Frequently Asked Questions
What is Spinal Cord Injury (SCI)?
SCI can happen due to trauma caused by an accident or through an illness and means that the spinal cord has been damaged in some way. This may result in paralysis and loss of some sensation from the point of injury down.
What are the effects of a SCI?
Generally, the higher up the back or neck that the injury occurs the more loss of function and sensation the person will experience. It will also depend on whether the spinal cord is completely severed or only partially damaged.
Why won’t my doctor tell us the exact prognosis?
The time it takes the body to recover from a SCI varies and so a clear and 100% correct prognosis is difficult to give, especially in the cases of incomplete SCI.
Is there a cure for SCI?
At the moment there is no cure for SCI.
There is good quality research being performed but most significant advances have been in laboratory-based work on animals.
All research must be assessed for its risk to harm and more studies are required before the research can be tested on humans. It is important to keep an open mind about such research and to understand that it is at a basic stage but we are happy to discuss what is currently occurring.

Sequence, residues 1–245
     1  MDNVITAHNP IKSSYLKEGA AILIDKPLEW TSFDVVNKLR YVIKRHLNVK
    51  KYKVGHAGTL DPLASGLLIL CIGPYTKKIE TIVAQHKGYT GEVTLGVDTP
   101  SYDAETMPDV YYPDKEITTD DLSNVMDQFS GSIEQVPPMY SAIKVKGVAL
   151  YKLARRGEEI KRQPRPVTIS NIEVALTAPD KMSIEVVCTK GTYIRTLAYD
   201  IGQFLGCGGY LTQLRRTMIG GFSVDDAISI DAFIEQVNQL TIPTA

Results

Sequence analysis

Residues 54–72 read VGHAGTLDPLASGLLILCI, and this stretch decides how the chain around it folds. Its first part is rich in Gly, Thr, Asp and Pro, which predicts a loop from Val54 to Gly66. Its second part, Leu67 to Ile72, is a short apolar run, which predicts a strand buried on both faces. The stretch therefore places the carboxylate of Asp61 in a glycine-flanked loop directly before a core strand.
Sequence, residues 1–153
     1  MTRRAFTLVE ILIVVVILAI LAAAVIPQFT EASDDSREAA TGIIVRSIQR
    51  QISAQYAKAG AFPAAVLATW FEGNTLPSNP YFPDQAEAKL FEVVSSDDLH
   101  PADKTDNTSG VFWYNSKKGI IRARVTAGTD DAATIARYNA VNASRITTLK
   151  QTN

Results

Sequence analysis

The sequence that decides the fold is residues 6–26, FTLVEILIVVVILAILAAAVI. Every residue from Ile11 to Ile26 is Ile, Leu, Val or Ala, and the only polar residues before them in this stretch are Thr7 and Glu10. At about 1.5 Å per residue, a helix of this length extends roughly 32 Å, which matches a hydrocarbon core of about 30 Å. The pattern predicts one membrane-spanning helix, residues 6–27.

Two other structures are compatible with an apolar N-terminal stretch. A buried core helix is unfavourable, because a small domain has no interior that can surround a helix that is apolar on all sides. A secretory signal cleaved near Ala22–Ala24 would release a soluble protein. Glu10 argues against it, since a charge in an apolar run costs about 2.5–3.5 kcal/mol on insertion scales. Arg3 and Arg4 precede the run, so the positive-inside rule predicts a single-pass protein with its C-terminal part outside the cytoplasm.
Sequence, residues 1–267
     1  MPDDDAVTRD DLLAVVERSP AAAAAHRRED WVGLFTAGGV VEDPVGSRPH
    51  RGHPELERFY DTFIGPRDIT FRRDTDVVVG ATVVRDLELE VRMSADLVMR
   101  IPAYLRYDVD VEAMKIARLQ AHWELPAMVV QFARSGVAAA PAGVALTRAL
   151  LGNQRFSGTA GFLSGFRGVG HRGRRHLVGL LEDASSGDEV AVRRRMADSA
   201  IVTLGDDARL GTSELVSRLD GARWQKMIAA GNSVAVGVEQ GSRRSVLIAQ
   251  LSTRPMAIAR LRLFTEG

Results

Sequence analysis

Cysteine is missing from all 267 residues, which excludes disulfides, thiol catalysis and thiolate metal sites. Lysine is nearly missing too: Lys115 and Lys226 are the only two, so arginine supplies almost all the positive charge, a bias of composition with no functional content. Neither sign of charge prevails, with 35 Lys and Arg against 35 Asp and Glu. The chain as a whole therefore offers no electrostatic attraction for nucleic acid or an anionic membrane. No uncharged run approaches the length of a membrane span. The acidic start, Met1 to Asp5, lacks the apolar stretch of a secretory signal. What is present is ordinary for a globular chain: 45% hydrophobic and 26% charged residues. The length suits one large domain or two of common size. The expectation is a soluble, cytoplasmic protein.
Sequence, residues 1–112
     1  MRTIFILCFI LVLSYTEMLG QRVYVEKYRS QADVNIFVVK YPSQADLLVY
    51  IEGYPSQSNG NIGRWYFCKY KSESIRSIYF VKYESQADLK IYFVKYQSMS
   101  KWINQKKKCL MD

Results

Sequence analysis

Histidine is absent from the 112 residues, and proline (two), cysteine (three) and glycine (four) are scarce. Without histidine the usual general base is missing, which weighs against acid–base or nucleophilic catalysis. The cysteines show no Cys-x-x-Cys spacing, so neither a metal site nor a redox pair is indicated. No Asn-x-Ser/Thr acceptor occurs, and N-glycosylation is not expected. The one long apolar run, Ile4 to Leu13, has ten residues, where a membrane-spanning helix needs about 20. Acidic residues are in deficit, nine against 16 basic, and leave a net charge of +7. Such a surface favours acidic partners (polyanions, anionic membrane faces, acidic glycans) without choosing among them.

Please refer to the grey ‘Patient Information’ folder for further ‘Frequently asked questions’ including the following:-
- I keep hearing ‘Paraplegia’, ‘Tetraplegia’, ‘Complete’ and ‘Incomplete’ – what do these mean?
- Is it just my relative’s arms and legs that may be affected?
- Can a person recover from SCI?
- How long will my relative be in hospital?
- What about fertility? Will we ever have children?
- Will my relative ever be able to work again?
If your relative does not yet have a Patient Information folder please ask a member of staff for one.